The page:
Monday, December 10, 2012

Stats in pop fertile are you anyway?

I don't watch much TV.  Though I occasionally watch a crime procedural or two (see kids, science is fun!), I can't remember the last time I watched a sitcom (scratch that, I have watch the Big Bang Theory on more than one occasion).  Thus I was somewhat interested to see the feminist blogosphere calling out the Zooey Deschanel vehicle (oh she's so that rain????) "The New Girl" for using a deceptive statistic.

Apparently a recent episode focused entirely on the premise that "by the time a lady hits 30, she loses about 90 percent of her eggs."

When the fact checkers weighed in, they revealed that while that stat is true, women start out with approximately 300,000 at 30 there are still about 30,000 hanging out there.

Of course eggs don't necessarily equate to fertility, and fertility doesn't necessarily mean a healthy pregnancy.  Despite what many comments section trolls claim, women's prime childbearing years are not in their teens, but rather peak at 25 or so.

While taking a look at this, I actually found more evidence that the fertility decline starts circa 27, but the overall chances of ever achieving pregnancy don't start to drop off until 33 or 34.  This was a good reminder that the "turning 30" thing has little to do with an actual physiological change, and more to do with people just liking round numbers.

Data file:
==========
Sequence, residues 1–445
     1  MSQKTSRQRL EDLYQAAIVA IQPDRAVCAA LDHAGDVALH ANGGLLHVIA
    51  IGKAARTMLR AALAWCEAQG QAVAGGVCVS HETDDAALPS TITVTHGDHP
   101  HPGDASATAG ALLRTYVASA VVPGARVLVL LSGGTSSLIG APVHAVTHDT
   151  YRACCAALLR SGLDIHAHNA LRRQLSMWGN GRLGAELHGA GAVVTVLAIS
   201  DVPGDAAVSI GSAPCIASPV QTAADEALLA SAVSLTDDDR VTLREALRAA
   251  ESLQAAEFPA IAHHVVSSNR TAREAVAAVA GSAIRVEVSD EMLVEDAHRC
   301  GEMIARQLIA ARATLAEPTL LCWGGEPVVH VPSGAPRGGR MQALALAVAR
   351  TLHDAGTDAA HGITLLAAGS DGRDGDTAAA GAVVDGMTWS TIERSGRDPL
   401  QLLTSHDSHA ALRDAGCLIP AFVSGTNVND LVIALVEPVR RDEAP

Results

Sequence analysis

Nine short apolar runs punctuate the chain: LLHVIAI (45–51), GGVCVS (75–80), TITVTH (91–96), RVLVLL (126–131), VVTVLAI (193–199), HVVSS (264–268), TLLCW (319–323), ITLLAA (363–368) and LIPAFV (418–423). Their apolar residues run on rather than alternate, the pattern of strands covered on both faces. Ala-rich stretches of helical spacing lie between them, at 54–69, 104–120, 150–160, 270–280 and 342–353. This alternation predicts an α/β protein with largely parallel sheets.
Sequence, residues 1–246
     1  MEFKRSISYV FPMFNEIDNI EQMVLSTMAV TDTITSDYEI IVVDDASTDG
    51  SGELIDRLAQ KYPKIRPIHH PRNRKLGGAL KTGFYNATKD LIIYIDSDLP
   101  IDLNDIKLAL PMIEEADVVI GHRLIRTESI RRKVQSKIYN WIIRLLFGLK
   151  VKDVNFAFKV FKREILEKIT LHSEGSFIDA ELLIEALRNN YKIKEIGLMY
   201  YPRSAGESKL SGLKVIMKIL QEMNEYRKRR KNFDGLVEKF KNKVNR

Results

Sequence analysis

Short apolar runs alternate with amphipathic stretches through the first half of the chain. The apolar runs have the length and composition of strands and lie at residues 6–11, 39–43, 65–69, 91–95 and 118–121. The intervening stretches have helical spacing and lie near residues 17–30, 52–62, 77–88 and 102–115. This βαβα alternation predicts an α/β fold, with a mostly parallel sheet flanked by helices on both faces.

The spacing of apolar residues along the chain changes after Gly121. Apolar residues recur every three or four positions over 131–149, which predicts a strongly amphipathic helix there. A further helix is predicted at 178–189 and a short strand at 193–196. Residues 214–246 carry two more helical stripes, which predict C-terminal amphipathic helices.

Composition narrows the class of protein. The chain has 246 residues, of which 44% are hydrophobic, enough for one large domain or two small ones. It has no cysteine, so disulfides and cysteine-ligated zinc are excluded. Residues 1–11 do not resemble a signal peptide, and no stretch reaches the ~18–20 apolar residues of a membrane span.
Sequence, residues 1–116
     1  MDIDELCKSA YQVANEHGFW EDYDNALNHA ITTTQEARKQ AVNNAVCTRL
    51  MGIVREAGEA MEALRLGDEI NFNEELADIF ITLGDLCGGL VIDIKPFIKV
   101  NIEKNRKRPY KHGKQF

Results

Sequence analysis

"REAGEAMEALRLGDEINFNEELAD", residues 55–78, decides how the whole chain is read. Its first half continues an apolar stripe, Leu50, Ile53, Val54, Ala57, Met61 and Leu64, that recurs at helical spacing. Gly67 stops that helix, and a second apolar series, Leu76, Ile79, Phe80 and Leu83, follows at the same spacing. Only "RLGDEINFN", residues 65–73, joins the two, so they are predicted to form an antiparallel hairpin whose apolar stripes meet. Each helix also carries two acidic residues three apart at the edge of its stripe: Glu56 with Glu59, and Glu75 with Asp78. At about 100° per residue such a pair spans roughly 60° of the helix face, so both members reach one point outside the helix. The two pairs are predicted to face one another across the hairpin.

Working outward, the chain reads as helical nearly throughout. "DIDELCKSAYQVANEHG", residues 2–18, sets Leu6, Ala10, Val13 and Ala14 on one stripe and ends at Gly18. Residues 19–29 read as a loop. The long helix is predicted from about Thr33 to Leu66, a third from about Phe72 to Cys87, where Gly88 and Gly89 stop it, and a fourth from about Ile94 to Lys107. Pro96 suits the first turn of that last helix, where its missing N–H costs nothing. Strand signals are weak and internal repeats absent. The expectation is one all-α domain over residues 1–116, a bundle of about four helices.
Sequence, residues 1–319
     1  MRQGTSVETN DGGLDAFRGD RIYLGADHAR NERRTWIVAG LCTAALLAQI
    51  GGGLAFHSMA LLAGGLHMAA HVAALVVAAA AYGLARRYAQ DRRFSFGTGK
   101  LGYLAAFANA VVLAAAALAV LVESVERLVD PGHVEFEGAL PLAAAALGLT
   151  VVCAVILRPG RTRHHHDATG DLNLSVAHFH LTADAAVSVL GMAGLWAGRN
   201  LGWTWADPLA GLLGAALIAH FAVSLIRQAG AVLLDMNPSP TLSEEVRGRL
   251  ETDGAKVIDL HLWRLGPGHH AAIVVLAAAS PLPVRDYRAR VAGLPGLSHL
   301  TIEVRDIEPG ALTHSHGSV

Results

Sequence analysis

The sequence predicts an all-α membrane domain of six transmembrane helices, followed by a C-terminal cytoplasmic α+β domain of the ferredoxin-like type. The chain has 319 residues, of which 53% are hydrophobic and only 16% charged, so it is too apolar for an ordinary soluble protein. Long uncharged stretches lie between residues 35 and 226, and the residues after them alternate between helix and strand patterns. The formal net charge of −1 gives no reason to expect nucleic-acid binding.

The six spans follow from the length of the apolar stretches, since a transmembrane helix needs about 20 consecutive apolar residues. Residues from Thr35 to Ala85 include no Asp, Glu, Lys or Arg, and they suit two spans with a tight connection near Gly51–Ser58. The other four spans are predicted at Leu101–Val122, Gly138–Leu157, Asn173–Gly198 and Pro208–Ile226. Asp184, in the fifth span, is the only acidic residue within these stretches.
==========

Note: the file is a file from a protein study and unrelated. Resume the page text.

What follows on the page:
Also related: I had often heard (and even quoted) that women who had already had kids were able to have kids later in life than those who had not (ie a woman who has a child at 30 will have an easier time having another one at 37 then one who is trying at 37 for the first time).  There's a suggestion that this actually isn't's just that by having that first child you've self selected as someone who doesn't have a pre-existing fertility problem.  I couldn't find the original study to verify this....but it seems like a plausible oversight.

Another note: fertility stats are really difficult to try to find, IVF clinics are the ones publishing most of them and they're dodgy with citations.....still a better source for info than a TV show though.

One last note: congrats to regular reader're going to love being a Dad.  The world needs more banjo players....brainwash him/her early and you just might get one.

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